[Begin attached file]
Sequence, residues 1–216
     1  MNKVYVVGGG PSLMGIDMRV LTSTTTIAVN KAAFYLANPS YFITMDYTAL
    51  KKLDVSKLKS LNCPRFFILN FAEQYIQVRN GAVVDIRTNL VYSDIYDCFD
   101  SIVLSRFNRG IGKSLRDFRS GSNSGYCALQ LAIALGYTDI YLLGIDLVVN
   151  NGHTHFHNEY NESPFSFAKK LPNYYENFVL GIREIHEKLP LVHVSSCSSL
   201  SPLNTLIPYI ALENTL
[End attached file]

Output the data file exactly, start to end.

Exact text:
Sequence, residues 1–216
     1  MNKVYVVGGG PSLMGIDMRV LTSTTTIAVN KAAFYLANPS YFITMDYTAL
    51  KKLDVSKLKS LNCPRFFILN FAEQYIQVRN GAVVDIRTNL VYSDIYDCFD
   101  SIVLSRFNRG IGKSLRDFRS GSNSGYCALQ LAIALGYTDI YLLGIDLVVN
   151  NGHTHFHNEY NESPFSFAKK LPNYYENFVL GIREIHEKLP LVHVSSCSSL
   201  SPLNTLIPYI ALENTL